INTERVIEW EXCERPTS:
Barry Higginbotham


Excerpts from FRONTLINE interview with Barry Higginbotham, member of the FBI Hostage Rescue Team at Waco, conducted Sunday October 1, 1995.

Q: Did you understand what the negotiators were getting, or are you out there just watching it?

A: I think we'd get about half of what was going on usually. Those of us on the front lines. Through whoever's fault that was. Just how it was disseminated down to the front lines.
But I remember the moment where they brought the buses up, and those of us that were in my position were just looking at each other and said, "We know they're not going to come out, why are they doing this?" And they certainly did not come out. And afterward we just all looked at each other, said, "This was no surprise to us, we know they're not going to come out of there."

Q: How did you know?

A: Basically, a gut feeling. As a sniper observer, our whole team there, we were the eyes of the entire operation--we are the negotiators' eyes. They're all the way in the rear. They're talking to Koresh on the phone but they don't get to see his day-to-day activity, his body motions, the motions of his sentries as how they even change posts at the doors. We see how alert they are, we see how they're cleaning their weapons up in the windows, watching us.
And when a person's cleaning their weapons and stacking their ammunition and we're watching that, we're relaying that back, we know they're not getting ready to come out on a bus and give up. And that's why in a way we just looked at each other and said, "We could have told them that," that they're not coming out. Not at this moment at least.

Q: What about the analyses of those who said the tighter you get, the more you're going to drive them together--the more you're going to play into their Armageddon sort of mindset?

A: I can only go by my observations each day on the front. As I say, the sniper observers, they were the eyes of the operation. When you see something visually each day, their activity inside, how much freedom and leisure they have inside, how they even have recreation perhaps. They're sitting on guard posts reading and all. Things are not that bad inside then. And to me, you need to make them a little more hazardous inside. And tighten 'em down a little bit. Make them not as comfortable. Let them be cold for a while. Deny them food, deny them water. And let them go to their leadership inside, and let them deal with that pressure. And I think that would cause better negotiations.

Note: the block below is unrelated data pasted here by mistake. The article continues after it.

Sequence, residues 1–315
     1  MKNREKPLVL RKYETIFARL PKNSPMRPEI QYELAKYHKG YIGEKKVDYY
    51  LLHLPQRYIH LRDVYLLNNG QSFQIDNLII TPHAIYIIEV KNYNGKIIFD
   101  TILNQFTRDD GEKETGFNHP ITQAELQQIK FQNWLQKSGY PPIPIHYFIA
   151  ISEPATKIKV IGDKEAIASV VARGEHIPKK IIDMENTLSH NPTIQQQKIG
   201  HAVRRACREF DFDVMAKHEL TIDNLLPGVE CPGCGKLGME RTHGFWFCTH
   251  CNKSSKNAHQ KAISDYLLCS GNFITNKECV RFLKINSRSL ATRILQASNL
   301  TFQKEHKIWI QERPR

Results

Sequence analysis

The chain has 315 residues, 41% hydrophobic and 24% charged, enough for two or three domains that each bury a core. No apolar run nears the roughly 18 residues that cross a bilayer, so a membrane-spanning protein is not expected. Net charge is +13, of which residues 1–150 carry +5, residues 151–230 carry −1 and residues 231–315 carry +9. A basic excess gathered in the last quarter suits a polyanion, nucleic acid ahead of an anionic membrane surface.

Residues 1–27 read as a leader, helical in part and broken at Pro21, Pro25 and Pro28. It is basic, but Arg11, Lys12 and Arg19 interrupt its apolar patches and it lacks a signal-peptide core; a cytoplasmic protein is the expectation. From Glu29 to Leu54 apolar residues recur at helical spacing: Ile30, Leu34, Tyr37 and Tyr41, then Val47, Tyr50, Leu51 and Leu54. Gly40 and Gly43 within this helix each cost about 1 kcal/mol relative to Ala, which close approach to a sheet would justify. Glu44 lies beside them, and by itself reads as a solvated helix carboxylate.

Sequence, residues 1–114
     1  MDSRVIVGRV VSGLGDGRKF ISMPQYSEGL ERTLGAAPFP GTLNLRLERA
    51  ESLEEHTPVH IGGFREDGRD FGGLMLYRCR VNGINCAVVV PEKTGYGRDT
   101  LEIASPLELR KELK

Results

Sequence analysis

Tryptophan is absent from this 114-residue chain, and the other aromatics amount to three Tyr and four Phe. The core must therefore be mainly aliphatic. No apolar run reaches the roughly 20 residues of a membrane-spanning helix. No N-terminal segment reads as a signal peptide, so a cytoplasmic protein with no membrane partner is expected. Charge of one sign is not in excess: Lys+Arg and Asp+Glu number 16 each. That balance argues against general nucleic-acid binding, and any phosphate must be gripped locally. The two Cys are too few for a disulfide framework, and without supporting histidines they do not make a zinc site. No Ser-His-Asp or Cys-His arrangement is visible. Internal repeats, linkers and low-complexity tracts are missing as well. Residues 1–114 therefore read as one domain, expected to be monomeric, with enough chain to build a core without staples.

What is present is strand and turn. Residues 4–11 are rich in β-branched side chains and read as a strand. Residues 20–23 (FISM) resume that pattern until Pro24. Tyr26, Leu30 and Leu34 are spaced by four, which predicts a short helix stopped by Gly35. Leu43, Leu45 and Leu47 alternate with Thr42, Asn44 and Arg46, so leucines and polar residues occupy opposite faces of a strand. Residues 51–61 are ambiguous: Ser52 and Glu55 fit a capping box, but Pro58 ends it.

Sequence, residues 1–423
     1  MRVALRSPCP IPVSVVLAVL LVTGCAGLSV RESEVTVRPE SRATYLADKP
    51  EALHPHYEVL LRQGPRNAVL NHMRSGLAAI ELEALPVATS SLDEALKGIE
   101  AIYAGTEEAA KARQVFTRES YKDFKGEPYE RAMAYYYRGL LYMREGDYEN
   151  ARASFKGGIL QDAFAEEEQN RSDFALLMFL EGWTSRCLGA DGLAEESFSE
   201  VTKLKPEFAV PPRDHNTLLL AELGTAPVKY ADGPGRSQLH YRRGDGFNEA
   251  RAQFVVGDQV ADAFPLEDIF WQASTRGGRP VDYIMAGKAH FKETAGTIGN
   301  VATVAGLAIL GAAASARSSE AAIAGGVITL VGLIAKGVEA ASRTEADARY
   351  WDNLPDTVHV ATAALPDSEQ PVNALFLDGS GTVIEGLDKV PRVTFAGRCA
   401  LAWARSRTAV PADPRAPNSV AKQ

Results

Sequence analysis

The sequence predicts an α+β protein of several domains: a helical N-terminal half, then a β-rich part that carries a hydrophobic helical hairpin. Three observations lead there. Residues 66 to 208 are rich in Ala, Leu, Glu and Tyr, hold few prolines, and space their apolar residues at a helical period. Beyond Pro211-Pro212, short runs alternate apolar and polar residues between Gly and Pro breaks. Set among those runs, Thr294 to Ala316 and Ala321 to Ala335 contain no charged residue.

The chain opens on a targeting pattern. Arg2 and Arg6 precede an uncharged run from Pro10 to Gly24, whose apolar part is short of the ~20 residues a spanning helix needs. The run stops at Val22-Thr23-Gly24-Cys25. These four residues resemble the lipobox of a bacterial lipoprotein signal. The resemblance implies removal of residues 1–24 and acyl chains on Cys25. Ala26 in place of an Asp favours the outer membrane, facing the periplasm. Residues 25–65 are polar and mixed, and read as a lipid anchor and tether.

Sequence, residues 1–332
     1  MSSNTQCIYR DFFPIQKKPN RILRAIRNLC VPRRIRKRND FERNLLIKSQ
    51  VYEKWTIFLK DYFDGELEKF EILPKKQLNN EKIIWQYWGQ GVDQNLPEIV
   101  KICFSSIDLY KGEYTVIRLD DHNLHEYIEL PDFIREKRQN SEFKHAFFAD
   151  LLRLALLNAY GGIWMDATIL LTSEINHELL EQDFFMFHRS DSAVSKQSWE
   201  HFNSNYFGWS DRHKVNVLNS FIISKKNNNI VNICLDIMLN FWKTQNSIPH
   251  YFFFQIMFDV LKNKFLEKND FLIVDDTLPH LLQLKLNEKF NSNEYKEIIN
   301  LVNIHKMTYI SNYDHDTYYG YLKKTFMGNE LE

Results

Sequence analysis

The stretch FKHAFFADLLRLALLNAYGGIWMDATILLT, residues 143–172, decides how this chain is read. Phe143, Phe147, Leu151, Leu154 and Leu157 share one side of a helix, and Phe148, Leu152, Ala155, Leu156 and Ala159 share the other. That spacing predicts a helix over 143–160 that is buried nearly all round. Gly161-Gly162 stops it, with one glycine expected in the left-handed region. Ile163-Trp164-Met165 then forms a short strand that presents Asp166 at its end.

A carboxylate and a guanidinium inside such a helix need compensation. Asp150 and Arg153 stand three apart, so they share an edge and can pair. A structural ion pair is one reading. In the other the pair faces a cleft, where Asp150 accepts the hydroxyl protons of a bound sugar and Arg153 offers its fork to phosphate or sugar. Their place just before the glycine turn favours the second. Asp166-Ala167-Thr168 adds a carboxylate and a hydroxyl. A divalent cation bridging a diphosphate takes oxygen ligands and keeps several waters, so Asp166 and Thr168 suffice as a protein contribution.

Q: What is your view of the decision making of those in charge?

A: The leadership of the tactical forces and negotiators, and the overall on-scene command, they all had a very difficult job. It was a very hard balance to weigh the security of the tactical forces against that of the children and others inside the compound. And how they might suffer as a result of any action we took. Overall I felt the commanders had to always consider our security the most important thing. And I think they made very good decisions. And the negotiators did a wonderful job.
I think this whole situation does not fit into any kind of negotiation scenario that's ever been developed or they've had to deal with. Especially because of the duration of it. And it got down to, toward the end, no matter what they did, nothing worked. The progress stopped. And those of us up front could see that a lot sooner than they could back in the rear, 10 or 12 miles away, in a sterile atmosphere, where they're just receiving phone calls.
I think if they had been able to physically see it more up front, they would have seen that this is not going to work. He's not going to give in. They're too comfortable. There's no real hardships inside. They're not suffering. We just felt that if you make them suffer a little more, deny them perhaps a little more food, lighting, power, things like that inside, that would cause more pressure on their leadership inside. And perhaps their leadership would go to Koresh and pressure him to start negotiating in good faith. It was hard to believe that Koresh was ever negotiating in good faith.

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